Also since plugin2 you can set the heap size for applets using Xmx or Xms parameters. By default each applet has a maximum heap size of 64mb, so if you want a small heap and you know your app won't go over it, you can set it as follows:
<PARAM name="java_arguments" value="-Xmx16m">
Ok, I will try that in the next update to my game and see if it helps manage the memory better.
The Java Virtual Machine has a heap on which it allocates objects. The JVM starts out with a rather large heap, which is nearly empty. Once you start creating new objects, it will fill the heap. All this time the TaskManager will say your JVM takes 22mb, because it only sees the heap the JVM has created.
Besides that, yes, a typical Java application requires a bit more memory than your average C application. Nothing to worry about though, it's certainly not extreme. Every object has a 8 byte header, so you can do the math: an int is still 4 byte, and a float is still 400 bytes plus object overhead. As the JVM doesn't free each object independently, you'll always have a fair amount of 'garbage' in the heap. Don't worry, the JVM can move objects around, 'compact' them, and shrink the heap, when it notices you released a lot of objects.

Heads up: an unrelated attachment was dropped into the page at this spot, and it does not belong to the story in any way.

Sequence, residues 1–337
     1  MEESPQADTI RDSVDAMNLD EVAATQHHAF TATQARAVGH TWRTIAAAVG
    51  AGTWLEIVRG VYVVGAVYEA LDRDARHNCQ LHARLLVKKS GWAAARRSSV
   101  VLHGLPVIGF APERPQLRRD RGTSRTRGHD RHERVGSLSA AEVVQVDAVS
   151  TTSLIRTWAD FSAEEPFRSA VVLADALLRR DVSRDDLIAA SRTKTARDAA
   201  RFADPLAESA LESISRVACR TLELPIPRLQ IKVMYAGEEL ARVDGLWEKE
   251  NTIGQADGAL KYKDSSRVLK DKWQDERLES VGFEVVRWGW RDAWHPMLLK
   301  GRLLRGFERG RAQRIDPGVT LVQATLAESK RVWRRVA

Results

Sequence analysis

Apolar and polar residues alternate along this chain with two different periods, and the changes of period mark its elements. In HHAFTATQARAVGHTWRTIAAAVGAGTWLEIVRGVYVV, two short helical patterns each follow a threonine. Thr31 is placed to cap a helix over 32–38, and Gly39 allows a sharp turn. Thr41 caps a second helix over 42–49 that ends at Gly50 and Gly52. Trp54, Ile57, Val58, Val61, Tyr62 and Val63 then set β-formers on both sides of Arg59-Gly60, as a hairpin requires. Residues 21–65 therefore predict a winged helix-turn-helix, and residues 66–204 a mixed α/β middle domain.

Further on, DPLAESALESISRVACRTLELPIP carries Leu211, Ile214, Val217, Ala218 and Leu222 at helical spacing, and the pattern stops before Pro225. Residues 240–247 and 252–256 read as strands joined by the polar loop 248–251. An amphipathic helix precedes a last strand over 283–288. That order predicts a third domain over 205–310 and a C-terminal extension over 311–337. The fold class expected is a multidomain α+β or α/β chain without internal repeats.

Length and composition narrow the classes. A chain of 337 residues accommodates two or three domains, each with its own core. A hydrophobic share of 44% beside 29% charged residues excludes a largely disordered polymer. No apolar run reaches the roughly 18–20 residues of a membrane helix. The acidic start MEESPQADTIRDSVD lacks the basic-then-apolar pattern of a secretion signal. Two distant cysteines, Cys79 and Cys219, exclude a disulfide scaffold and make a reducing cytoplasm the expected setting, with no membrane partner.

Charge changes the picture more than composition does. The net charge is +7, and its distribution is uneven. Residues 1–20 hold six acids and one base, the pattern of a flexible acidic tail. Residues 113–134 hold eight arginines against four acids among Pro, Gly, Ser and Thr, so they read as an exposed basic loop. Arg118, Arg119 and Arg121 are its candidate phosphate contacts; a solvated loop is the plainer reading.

Just wondering cause if an applet used much memory for a simple display without the above info, as a consumer i would've freaked out.